• Announced “reconsideration” of the EPA Coal Ash Disposal Rule, the first federal rule governing disposal of coal ash, the by-product created from burning coal. Coal ash contains toxic pollutants including arsenic, cadmium, and hexavalent chromium (if you don’t remember what this last one is, see a re-run of the movie Erin Brockovich) that, without proper disposal controls, can leach into groundwater, surface water, or air and threaten health and the environment.
  • Announced a “review” of the Greenhouse Gas Rule, saying that, “if appropriate”, the EPA would initiate proceedings to suspend, revise, or rescind the rule. Greenhouses gases are the number one proven cause of climate change, which Pruitt—evidently quoting his gut and his boss, but not proven scientific fact—has denied.
And the list goes on, all part of the septuagenarian president’s “to-hell-with-the-environment-I’ll-be-dead-soon” attitude toward effective stewardship of the world that current and future generations will inherit from him and other world leaders.
Ken Cook, president of the Environmental Working Group, said Scott Pruitt would “go down in history as a disgrace to the office of EPA administrator. He will forever be associated with extraordinary ethical corruption and the abuse of power for petty personal enrichments. Sadly, the ideological fervor with which Pruitt pursued the destruction of environmental regulations and the agency itself live on in the Trump administration.”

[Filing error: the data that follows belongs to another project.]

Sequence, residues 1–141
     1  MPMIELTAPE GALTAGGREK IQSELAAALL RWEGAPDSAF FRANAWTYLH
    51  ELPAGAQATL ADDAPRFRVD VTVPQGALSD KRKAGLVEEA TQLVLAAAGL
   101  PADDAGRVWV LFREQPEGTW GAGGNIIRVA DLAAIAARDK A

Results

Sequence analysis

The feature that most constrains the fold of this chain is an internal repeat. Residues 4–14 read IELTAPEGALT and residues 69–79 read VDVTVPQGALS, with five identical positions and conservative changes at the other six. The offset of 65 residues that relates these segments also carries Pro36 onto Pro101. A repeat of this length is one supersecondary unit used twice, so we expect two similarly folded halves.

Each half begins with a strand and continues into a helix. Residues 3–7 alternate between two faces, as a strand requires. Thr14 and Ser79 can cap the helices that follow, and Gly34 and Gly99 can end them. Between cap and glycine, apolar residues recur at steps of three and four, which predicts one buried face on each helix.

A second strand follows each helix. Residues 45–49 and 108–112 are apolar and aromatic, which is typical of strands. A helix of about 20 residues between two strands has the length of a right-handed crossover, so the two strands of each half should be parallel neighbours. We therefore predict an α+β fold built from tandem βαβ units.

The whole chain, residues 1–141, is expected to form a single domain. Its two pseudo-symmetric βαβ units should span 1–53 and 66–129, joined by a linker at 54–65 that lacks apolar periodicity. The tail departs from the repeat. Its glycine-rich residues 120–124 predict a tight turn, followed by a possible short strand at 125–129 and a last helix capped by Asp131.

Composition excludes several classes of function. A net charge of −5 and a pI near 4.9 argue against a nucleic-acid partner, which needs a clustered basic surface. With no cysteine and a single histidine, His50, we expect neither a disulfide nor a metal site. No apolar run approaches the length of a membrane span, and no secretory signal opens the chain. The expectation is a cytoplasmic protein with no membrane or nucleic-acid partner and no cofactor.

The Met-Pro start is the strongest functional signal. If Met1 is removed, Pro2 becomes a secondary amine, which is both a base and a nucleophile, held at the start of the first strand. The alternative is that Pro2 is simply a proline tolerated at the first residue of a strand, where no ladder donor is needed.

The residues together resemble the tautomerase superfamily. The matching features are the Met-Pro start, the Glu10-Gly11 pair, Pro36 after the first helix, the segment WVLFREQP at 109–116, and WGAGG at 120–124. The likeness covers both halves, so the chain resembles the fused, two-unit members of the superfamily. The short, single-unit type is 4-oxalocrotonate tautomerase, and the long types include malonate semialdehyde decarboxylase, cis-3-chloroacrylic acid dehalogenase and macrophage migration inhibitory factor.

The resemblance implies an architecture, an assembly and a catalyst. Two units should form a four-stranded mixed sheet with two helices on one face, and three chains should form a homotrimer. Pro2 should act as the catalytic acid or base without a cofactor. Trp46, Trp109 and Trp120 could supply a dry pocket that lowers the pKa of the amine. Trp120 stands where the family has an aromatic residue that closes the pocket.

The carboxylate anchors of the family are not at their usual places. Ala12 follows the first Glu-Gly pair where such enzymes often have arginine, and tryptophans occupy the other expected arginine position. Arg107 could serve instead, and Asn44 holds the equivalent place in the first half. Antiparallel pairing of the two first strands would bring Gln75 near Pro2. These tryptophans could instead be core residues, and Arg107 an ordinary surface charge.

A 2018 study in the American Journal of Public Health said that already in the first six months of Pruitt's tenure as EPA head, the agency moved to a pro-business stance unlike that of any previous administration. So marked was the change, according to the study, that “the Pruitt-led EPA has moved away from the public interest and explicitly favored the interests of the regulated industries.”
The only bright spot in Pruitt’s tenure as EPA administrator is that his policies were so faultily enacted that most are being legally challenged and promise to get mired down in litigation for a long time to come. Legal experts are quoted as saying that the legal and scientific bases of Pruitt’s measures are so fragile that it makes them easy to challenge.
Still, there is virtually no hope of advances in environmental protection as long as Donald Trump remains in office. And the machinations of the village idiots that he is placing in charge of perhaps the most sensitive area of government—because of its far-reaching effects on humankind and nature—could have disastrous consequences for the future.